One of the most important steps toward writing good code is writing good test cases. In DrScheme, you should
check-expect for testing.
check-expect takes two expressions as input and verifies
that their values are the same.
(check-expect (+ 1 1) 2)
would result in a successful test, while
(check-expect (+ 1 1) 0) would not. If all your tests pass, DrScheme will happily tell you so. When a test fails, a window will appear
describing the result.
For example, if you wrote the following function to calculate the absolute value of a number,
(define (absolute x) (if (< x 0) (* x -1) x))it would be important to verify that it works correct on both positive and negative numbers. It's also important to test the "edge cases" (like 0 for this function). These are where errors are most likely to be made.
(check-expect (absolute 2) 2) (check-expect (absolute -5) 5) (check-expect (absolute 0) 0)
You must completely test every function you write for CS19. We will grade you on the quality of your test cases.
There are three basic operators for building lists: cons, list, and append (concatenation). Their contracts are as follows:
For each of the following expressions, try to predict (a) what they will return and (b) what the length of the resulting list is, then check your answers in DrScheme:
(cons empty empty)
(list empty empty)
(append empty empty)
(cons (list 1 2 3) (list 4 5))
(list (list 1 2 3) (list 4 5))
(append (list 1 2 3) (list 4 5))
Computer scientists and computer engineers frequently describe systems as finite-state machines (also called finite-state automata). The best way to understand a finite-state machine is through an example.
Imagine that you want to show how a soda/vending machine behaves. To keep the example small, we'll assume that a soda costs 25 cents and that the machine accepts nickels and dimes. The machine will not give change. The following figure shows the state machine:
The circles are called states. Each state corresponds to an amount of money that has been deposited into the machine. The state corresponding to the amount of money deposited at any time is called the current state. The bold arrow marks the state to use as the first current state. In this case, the machine starts with no money.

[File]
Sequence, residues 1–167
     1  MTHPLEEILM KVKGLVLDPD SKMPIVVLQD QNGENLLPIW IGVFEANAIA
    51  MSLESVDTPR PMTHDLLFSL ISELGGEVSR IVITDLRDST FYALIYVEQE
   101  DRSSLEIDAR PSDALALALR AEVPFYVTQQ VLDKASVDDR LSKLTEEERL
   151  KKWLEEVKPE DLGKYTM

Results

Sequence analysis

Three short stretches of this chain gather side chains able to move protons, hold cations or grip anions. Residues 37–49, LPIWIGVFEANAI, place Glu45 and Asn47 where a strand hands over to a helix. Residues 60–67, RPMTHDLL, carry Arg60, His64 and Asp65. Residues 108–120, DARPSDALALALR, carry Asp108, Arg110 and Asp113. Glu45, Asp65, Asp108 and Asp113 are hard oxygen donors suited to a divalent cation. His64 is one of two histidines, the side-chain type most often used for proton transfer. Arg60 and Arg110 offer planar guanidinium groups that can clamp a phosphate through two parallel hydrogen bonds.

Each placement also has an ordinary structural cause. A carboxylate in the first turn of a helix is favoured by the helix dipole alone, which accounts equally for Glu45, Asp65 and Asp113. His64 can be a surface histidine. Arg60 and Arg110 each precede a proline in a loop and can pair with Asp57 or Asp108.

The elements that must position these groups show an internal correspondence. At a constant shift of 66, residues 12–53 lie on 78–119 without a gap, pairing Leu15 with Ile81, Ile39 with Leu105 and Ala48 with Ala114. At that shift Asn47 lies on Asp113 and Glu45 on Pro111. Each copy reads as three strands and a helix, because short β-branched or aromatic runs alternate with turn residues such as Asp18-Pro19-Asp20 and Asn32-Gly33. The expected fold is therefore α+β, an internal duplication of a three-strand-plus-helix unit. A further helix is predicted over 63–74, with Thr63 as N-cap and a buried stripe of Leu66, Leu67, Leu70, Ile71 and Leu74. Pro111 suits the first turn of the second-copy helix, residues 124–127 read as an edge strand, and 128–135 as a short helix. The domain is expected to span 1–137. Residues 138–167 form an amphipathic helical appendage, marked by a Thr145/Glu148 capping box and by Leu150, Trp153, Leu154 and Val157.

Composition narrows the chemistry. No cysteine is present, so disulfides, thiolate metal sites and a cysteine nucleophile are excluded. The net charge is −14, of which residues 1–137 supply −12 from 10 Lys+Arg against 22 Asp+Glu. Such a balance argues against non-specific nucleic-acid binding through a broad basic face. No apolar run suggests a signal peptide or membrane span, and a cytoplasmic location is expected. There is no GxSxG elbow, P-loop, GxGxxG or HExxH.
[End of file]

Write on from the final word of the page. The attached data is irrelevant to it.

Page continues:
The arrows between states are called transitions. Transitions show what actions have to happen for the machine to go from one state to another. For example, if the machine currently has 5 cents and a nickel is deposited, then the machine has 10 cents. The labels on each state (here, nickel and dime) are the "actions" that the machine can react to.
The soda machine is a trivial example. In reality, state machines are used to capture all sorts of systems, many with more than 2 to the power of 500 states.
If we give a name to each state, we can represent a state machine as a list of transition structures. A transition structure consists of three pieces of information: the name of the states on either end of the arrow and the label on the arrow.
; transition : string string string (define-struct transition (source label target)) ; We create transitions with the make-transition function ; For example, (make-transition "5-cents" "nickel" "10-cents")
You are going to write a series of programs to work with state
machines. Copy the definition of the
transition struct into
the DrScheme definitions window before you start. Make sure to have a
TA check your work when you're done.
Write the list of transitions for the soda machine example
showed above. Define it as a constant called
Write a function
get-next-state that consumes the
name of a state, an action, and a list of transitions and produces the
name of a state. The produced state should be the target state of a
transition with the input source state name and action. For
(get-next-state "10-cents" "dime" soda-machine)
Write a function
get-state-sequence that consumes
the name of a state, a list of actions, and a list of transitions and
produces a list of state names. The produced list should show the
sequence of states visited while processing the list of actions (in
order), starting from the given state. For example,
(get-state-sequence "0-cents" (list "nickel" "dime" "nickel") soda-machine)
(list "0-cents" "5-cents" "15-cents" "20-cents")
Write a function
gets-soda? that consumes a list
of actions and produces a boolean indicating whether that sequence of
actions visits the "soda" state.
If our state machine definition includes multiple transitions with the
same source state and action but different target states, it will be unclear
which state to enter next. To check for these ambiguities, write a function
ambiguous-states that consumes a list
of transitions and produces a list of names of source states that have
multiple target states for the same action. State
machines with ambiguity, or nondeterministic finite-state machines, are a
central part of the theory of computation; if you're curious, you can read more
This definition of state machines relies on matching state
names to hook up the transitions. If you made a typo when entering a
state name (say "5-cts" instead of "5-cents"), you would create a
machine in which there is no transition out of some state. Programs
can help check whether such errors exist in a list of transitions.
Write a function
dead-end-states that consumes a list
of transitions and produces a list of names of target states out of
which there are no other transitions.
It would seem that the problems with typos in the previous problem would go away if we made a structure for each state (containing its name and outgoing transitions), then put the state structure instead of the state name as the "target" of each transition. Why didn't we set the problem up this way? Consider what you would need to do this that you haven't learned in Scheme yet and argue why it is technically necessary.